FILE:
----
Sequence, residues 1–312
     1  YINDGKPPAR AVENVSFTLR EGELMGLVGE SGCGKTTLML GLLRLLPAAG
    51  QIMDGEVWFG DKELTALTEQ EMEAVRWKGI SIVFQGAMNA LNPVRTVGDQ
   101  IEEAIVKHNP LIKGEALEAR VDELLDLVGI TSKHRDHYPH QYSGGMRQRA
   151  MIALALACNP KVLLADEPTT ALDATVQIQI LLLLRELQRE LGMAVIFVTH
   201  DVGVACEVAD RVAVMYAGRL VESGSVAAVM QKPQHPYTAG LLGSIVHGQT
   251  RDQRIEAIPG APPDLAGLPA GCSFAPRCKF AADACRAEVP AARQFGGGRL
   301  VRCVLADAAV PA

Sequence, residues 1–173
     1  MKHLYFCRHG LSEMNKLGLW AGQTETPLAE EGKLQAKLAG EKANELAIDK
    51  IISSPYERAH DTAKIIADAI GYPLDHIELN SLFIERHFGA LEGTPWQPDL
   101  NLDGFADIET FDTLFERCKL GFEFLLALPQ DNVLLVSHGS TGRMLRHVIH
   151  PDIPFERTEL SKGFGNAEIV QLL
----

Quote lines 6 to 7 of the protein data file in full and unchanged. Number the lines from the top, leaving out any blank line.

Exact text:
   201  DVGVACEVAD RVAVMYAGRL VESGSVAAVM QKPQHPYTAG LLGSIVHGQT
   251  RDQRIEAIPG APPDLAGLPA GCSFAPRCKF AADACRAEVP AARQFGGGRL